Pattern analysis CME

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Created 2008.

Learning objectives


In dermoscopy, the first step algorithm identifies whether a lesion is melanocytic or nonmelanocytic. Pattern analysis is the method preferred by many expert dermoscopists to diagnose melanocytic lesions and to differentiate benign melanocytic lesions from malignant melanoma. Pattern analysis refers to the simultaneous assessment of the diagnostic value of all dermoscopy features shown by the lesion.

In general terms, benign lesions have few colours, a regular structure and are symmetrical in pattern. Malignant tumours often have several colours (especially melanoma), disordered structure and asymmetry of pattern.

If conventional or morphological pattern analysis appears too complicated, use modified pattern analysis, or the 3-point checklist to identify malignant pigmented lesions.

Benign melanocytic lesions

Global pattern

Non-concentric multicomponent pattern is highly suspicious of malignancy, but is occasionally seen in benign lesions, eg collision tumours, recurrent naevus, congenital melanocytic naevus.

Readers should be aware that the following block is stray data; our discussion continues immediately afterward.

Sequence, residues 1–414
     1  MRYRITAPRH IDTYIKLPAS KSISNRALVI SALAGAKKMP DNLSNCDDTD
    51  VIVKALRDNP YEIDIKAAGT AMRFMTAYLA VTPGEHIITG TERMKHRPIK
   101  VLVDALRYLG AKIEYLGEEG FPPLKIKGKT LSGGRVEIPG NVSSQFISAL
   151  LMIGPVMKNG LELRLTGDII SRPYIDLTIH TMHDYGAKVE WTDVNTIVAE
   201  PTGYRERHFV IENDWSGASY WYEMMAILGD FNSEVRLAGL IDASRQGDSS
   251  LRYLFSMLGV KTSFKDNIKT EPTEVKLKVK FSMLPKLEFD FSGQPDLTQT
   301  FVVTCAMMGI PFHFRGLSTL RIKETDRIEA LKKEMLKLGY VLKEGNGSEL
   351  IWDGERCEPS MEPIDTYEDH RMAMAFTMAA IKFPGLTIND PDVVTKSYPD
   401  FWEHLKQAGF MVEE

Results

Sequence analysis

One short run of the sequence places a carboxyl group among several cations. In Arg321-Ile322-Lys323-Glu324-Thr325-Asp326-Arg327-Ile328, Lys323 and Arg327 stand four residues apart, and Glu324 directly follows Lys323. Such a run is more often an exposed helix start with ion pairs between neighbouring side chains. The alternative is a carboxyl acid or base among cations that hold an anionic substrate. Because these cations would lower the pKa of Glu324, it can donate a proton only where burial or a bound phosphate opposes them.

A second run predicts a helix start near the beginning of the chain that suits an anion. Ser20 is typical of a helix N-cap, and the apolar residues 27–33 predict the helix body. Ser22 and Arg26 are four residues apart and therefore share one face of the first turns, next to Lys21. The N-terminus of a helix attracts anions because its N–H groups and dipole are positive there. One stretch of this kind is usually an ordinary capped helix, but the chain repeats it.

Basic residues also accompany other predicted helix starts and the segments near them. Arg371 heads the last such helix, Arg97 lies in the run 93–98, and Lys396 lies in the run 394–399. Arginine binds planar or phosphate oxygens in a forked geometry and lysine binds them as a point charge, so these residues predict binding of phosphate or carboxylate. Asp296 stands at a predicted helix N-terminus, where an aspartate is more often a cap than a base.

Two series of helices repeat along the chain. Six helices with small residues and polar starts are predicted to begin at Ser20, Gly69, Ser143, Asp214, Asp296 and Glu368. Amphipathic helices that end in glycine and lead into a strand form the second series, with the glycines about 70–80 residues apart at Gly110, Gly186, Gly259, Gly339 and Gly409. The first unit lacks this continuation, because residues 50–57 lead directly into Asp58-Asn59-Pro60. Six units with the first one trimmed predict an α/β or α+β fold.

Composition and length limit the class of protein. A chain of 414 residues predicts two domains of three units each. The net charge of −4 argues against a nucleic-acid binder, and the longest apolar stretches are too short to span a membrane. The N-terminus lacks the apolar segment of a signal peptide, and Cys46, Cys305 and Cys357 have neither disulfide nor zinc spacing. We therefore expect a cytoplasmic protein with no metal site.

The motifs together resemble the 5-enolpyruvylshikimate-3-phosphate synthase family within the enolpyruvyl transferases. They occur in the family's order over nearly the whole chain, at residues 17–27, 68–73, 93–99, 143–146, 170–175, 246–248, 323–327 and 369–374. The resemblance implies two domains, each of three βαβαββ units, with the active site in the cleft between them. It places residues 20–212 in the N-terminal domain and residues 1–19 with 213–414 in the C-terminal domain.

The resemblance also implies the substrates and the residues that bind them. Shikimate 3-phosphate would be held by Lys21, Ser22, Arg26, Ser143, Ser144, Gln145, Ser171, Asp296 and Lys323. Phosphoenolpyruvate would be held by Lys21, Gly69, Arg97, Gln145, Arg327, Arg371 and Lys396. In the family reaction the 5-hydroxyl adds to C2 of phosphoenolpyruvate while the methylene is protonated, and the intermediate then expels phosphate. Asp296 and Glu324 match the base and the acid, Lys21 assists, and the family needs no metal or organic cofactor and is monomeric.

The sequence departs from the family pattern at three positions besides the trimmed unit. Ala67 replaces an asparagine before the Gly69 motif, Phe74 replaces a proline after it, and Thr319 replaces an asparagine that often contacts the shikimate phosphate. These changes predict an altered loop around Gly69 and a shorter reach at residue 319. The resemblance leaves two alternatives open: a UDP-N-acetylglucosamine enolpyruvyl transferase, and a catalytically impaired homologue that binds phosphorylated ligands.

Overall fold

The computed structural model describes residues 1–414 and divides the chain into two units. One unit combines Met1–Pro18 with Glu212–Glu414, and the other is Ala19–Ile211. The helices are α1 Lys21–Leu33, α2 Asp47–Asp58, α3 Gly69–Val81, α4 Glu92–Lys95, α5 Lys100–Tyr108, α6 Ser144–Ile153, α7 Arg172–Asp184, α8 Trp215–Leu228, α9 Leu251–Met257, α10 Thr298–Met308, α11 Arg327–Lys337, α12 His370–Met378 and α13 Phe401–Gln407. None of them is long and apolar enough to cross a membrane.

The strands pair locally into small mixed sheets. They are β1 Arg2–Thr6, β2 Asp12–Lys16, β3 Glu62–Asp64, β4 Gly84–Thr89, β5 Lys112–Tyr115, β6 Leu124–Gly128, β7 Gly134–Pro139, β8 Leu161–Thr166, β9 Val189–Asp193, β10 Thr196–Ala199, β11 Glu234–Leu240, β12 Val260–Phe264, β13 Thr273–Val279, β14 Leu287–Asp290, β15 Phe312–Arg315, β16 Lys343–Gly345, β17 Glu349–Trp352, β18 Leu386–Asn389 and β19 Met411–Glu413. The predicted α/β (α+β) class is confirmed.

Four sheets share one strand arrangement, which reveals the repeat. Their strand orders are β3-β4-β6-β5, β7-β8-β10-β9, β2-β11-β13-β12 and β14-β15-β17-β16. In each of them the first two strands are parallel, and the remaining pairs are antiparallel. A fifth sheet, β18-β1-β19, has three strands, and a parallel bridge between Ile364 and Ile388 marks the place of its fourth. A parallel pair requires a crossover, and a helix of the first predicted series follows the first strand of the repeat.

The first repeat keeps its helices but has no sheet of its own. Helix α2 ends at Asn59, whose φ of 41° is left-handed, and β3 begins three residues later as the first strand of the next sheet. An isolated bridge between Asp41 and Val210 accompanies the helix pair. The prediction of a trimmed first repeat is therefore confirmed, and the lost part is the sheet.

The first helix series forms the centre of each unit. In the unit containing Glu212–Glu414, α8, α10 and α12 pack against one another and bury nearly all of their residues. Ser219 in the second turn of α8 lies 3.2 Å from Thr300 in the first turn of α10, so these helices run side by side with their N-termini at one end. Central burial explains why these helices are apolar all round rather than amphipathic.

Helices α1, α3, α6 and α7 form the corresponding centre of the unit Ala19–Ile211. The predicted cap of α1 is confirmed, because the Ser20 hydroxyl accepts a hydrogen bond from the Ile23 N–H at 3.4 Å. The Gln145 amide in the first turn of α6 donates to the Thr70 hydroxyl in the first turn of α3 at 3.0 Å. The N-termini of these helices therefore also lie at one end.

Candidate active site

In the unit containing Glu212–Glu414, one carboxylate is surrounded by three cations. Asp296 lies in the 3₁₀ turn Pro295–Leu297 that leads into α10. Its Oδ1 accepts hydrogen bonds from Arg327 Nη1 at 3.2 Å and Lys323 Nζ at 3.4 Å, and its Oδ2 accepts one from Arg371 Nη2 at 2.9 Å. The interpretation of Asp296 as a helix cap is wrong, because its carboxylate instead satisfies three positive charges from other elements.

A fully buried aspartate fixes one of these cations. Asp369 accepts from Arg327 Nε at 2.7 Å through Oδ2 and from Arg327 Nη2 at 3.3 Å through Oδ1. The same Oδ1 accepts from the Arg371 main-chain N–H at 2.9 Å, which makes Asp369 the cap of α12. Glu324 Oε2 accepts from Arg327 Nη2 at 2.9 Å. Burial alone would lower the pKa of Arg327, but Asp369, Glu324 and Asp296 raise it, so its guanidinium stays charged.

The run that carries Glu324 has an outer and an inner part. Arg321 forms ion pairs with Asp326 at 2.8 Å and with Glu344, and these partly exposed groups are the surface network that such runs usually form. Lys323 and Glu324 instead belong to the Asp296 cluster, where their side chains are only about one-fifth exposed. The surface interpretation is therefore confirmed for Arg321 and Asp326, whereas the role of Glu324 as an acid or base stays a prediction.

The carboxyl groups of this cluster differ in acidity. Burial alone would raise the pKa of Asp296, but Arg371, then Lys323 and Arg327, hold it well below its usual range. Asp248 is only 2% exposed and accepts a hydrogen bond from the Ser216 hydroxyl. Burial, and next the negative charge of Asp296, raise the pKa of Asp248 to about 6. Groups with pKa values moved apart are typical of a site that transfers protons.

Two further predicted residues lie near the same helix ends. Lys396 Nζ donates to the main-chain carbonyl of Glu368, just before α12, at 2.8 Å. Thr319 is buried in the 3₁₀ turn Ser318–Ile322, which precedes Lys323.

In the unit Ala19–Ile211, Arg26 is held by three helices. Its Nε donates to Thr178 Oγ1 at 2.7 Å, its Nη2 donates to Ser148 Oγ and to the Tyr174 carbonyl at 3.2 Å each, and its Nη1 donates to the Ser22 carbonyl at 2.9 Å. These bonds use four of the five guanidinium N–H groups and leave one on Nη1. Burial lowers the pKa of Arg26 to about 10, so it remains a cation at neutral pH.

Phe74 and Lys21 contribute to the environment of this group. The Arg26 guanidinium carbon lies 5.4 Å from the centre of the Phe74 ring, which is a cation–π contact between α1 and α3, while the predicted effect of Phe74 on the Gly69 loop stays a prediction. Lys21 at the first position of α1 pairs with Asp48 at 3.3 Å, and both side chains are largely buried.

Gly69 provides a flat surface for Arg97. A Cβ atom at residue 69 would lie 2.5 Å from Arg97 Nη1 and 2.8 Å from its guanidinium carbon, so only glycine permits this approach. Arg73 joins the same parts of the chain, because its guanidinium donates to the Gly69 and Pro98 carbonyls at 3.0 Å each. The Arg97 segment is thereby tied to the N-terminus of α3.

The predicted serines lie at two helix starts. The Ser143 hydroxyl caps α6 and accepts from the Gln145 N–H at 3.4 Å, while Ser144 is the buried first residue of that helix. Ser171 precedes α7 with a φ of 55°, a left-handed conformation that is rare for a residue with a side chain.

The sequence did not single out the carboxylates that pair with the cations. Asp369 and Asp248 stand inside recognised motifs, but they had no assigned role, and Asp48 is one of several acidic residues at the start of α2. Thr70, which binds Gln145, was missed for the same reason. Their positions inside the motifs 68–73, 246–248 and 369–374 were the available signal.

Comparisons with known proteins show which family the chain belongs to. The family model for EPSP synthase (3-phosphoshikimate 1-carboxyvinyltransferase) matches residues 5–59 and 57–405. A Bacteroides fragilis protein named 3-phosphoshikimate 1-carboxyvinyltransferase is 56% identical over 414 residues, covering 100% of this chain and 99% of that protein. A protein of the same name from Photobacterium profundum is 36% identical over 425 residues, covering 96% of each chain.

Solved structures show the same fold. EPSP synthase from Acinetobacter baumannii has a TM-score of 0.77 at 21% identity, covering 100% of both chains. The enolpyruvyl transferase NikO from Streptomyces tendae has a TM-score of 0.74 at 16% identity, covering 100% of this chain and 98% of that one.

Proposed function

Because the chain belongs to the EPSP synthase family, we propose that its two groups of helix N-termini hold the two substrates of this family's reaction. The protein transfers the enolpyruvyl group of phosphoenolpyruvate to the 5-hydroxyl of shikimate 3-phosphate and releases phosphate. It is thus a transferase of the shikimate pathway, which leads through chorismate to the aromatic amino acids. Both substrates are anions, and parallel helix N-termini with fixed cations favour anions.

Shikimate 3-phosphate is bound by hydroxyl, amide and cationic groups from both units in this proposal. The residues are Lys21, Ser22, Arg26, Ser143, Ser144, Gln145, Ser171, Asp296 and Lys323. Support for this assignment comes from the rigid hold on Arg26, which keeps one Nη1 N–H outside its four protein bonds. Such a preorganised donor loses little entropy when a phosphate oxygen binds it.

Local features


Global pattern

Local features

Modified pattern analysis

Modified pattern analysis is the descriptive system described by Kittler et al, now widely adopted. Terminology is much simpler in this system than in tranditional metaphoric dermoscopic pattern recognition. It is a single step system. Describe the lesion and decide if it should be excised or not. Lesions with asymmetry of structural elements and patterns are suspicious of malignancy.

Dermoscopic features are broken down into elements: lines and rounded structures. The absence of a defined structure is described as structureless.

Global dermoscopic patterns for melanocytic lesions are described using these terms.

Non-melanocytic lesions are made up of the same elements.

Chaos and clues

Chaos means the lesion shows more than one pattern, and asymmetry of structure and/or colour on dermatoscopy. This is true for melanoma, basal cell carcinomas and squamous cell carcinomas. Consider excising the lesion if it has one or more dermoscopic clues to malignancy:

All the melanocytic lesions illustrated in the figures below show chaos. Similar chaos and clues can be observed in the basal cell carcinomas illustrated above.


Practice pattern analysis by identifying global and local features in melanocytic lesions. Do the same using modified pattern analysis terminology.

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